Sunday, 11 September 2011

Research: Self-assessment of cognition is not what it seems

Epub ahead of printAkbar et al. Self-assessment of Cognition in Multiple Sclerosis: The Role of Personality and Anxiety. Cogn Behav Neurol. 2011 Sep 6. 

Objective: To investigate the role of personality and anxiety to self-report measures of cognition in MS'ers.

Background: Self-report measures of cognition have consistently been shown to correlate better with depressed mood than neuropsychological test performance in MS'ers, with few studies focusing on the role of anxiety and personality.

Method: 108 MS'ers completed the following: (a) patient and informant report Multiple Sclerosis Neuropsychological Questionnaire (MSNQ); (b) Hospital Anxiety and Depression Scale; (c) cognitive assessment with the Brief Repeatable Battery of Neuropsychological Tests; and (d) personality assessment using the self-report NEO Five-Factor Inventory.

Results: Higher patient MSNQ (P-MSNQ) scores (greater reported cognitive dysfunction) were significantly correlated with lower scores on the Paced Auditory Serial Addition Test (PASAT; r=-0.20, P<0.05), increased depression (r=0.45, P<0.01) and anxiety (r=0.54, P<0.01), higher neuroticism (r=0.51, P<0.01), and lower conscientiousness (r=-0.35, P<0.01). After controlling for demographic variables, significant predictors of P-MSNQ scores were anxiety (ΔR=0.272, P<0.001), conscientiousness (ΔR=0.067, P=0.002) and performance on the PASAT (ΔR=0.050, P=0.005). Depression and neuroticism did not contribute significant variance in comparison to anxiety.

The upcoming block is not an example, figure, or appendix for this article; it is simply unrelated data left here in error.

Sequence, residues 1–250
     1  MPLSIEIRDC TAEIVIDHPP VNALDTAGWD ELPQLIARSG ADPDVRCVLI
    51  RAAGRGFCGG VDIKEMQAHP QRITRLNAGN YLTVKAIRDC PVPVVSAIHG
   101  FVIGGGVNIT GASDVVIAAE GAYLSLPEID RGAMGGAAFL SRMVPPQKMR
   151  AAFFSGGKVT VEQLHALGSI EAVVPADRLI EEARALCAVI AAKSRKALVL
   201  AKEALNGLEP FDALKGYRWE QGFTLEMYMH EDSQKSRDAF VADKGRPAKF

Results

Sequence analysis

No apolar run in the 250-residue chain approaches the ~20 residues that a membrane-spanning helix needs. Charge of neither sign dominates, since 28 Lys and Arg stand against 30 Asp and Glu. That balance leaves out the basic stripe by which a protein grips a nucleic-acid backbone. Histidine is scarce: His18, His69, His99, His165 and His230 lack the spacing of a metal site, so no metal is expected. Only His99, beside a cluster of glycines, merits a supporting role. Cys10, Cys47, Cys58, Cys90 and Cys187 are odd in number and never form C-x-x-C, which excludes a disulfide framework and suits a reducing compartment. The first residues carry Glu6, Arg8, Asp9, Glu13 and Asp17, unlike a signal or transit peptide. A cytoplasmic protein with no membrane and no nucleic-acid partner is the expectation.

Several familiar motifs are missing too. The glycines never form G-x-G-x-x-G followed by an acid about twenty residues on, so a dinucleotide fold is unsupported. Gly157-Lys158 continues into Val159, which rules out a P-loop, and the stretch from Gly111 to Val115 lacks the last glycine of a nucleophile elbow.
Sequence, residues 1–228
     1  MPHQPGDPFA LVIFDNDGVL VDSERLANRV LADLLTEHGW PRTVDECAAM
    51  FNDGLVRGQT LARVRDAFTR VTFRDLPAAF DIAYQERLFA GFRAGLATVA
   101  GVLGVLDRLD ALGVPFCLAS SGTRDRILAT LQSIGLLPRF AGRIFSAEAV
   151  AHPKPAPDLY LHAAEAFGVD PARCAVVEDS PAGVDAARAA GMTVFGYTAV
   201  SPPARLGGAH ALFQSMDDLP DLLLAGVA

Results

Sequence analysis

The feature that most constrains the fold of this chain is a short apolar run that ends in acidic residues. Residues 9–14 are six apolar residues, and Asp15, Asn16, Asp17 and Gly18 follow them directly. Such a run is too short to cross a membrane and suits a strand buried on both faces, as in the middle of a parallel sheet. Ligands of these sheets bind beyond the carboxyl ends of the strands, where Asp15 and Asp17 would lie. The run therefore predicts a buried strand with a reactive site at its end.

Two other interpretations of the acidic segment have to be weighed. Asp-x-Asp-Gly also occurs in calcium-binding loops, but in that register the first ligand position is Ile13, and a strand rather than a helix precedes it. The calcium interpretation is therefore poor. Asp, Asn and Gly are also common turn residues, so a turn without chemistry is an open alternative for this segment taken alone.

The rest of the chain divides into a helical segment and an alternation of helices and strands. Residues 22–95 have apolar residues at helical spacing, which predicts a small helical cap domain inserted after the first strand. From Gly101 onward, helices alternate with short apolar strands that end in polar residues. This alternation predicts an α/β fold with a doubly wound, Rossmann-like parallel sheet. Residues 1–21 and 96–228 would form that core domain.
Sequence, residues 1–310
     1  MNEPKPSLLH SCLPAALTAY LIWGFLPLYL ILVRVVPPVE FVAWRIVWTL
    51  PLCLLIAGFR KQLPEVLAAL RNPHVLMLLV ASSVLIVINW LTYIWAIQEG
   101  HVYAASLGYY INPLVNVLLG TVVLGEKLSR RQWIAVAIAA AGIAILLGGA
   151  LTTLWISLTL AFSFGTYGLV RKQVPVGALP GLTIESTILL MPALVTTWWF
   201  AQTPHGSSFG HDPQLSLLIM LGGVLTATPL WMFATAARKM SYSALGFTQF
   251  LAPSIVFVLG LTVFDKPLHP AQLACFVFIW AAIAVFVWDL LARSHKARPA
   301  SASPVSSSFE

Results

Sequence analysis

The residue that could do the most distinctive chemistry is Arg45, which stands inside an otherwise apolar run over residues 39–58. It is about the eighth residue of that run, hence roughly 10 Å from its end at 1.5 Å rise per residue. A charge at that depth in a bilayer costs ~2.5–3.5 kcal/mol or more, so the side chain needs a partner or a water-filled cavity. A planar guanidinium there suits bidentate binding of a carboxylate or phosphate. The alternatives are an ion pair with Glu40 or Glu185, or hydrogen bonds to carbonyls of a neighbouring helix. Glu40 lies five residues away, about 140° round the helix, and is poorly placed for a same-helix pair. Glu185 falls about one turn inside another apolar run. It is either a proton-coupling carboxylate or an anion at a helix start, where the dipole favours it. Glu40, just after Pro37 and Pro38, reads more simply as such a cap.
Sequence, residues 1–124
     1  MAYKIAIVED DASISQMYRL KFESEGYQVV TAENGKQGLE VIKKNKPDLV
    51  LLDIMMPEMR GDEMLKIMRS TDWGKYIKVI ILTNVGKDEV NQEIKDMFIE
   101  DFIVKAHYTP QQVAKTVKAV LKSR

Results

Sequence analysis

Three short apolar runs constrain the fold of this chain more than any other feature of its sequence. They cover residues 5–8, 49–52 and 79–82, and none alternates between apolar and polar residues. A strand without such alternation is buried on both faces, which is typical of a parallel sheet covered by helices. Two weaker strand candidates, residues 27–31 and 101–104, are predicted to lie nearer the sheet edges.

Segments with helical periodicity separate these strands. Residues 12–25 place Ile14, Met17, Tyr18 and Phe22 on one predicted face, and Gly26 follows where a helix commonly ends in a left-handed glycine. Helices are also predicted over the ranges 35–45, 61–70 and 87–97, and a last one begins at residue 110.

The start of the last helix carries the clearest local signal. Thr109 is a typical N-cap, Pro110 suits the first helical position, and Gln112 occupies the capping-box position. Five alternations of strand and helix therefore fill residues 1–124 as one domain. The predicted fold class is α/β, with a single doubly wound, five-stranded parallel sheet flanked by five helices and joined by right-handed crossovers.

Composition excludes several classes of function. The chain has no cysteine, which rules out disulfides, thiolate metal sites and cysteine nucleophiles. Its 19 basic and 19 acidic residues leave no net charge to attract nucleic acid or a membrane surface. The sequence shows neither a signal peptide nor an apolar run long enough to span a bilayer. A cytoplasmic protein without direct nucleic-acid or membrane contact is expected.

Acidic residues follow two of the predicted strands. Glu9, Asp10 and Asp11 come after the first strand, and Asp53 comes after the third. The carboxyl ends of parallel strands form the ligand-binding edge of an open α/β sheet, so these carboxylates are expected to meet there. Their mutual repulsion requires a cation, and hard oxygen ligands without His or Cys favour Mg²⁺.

"The Paced Auditory Serial Addition Test is a cognitive test that is used frequently in MS; please see additional post below."

Conclusions: Overall, MS'er self-reports of cognition do not correspond well to neuropsychological performance. Anxiety and conscientiousness contributed significantly to MS'ers perceptions of their cognitive failings and thus should be taken into account when addressing these complaints.

"This study suggest there is no short-cut when assessing and documenting complaints about cognition in MS'ers. We can't rely on self-reporting and need to order a neuropsychological battery."


19 Jul 2011
The Paced auditory serial addition test (PASAT): a cognitive test in MS trials. For those of you who participate in MS clinical trials you will know how difficult it is to perform the paced auditory serial addition test (PASAT). ...

1 comment:

  1. I can't access the full paper so I don't know the full methodology - was the study longitudinal? One factor that has to be taken into account when assessing cognitive dysfunction is the original start point.

    I've experienced healthcare professionals telling me I couldn't possibly have cognitive dysfunction, as I was (at that time) working for a PhD. It was extremely hard to convince them that truly, yes I could notice a difference.

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